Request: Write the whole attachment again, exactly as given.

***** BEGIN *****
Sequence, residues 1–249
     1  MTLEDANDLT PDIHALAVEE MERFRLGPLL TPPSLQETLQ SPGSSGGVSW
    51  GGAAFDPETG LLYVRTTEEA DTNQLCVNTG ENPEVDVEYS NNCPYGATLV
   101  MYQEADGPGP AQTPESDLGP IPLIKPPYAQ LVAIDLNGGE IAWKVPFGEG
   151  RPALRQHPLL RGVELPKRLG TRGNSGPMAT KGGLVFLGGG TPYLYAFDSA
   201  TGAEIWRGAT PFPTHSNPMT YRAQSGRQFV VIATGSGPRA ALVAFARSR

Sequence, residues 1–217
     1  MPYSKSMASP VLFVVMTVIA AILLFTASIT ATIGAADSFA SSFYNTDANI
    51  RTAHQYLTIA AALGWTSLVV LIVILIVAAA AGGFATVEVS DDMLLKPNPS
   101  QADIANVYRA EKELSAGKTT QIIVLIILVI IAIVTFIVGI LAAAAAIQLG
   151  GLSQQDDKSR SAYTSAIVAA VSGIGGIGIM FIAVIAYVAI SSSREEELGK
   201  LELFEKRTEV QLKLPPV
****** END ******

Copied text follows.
Sequence, residues 1–249
     1  MTLEDANDLT PDIHALAVEE MERFRLGPLL TPPSLQETLQ SPGSSGGVSW
    51  GGAAFDPETG LLYVRTTEEA DTNQLCVNTG ENPEVDVEYS NNCPYGATLV
   101  MYQEADGPGP AQTPESDLGP IPLIKPPYAQ LVAIDLNGGE IAWKVPFGEG
   151  RPALRQHPLL RGVELPKRLG TRGNSGPMAT KGGLVFLGGG TPYLYAFDSA
   201  TGAEIWRGAT PFPTHSNPMT YRAQSGRQFV VIATGSGPRA ALVAFARSR

Sequence, residues 1–217
     1  MPYSKSMASP VLFVVMTVIA AILLFTASIT ATIGAADSFA SSFYNTDANI
    51  RTAHQYLTIA AALGWTSLVV LIVILIVAAA AGGFATVEVS DDMLLKPNPS
   101  QADIANVYRA EKELSAGKTT QIIVLIILVI IAIVTFIVGI LAAAAAIQLG
   151  GLSQQDDKSR SAYTSAIVAA VSGIGGIGIM FIAVIAYVAI SSSREEELGK
   201  LELFEKRTEV QLKLPPV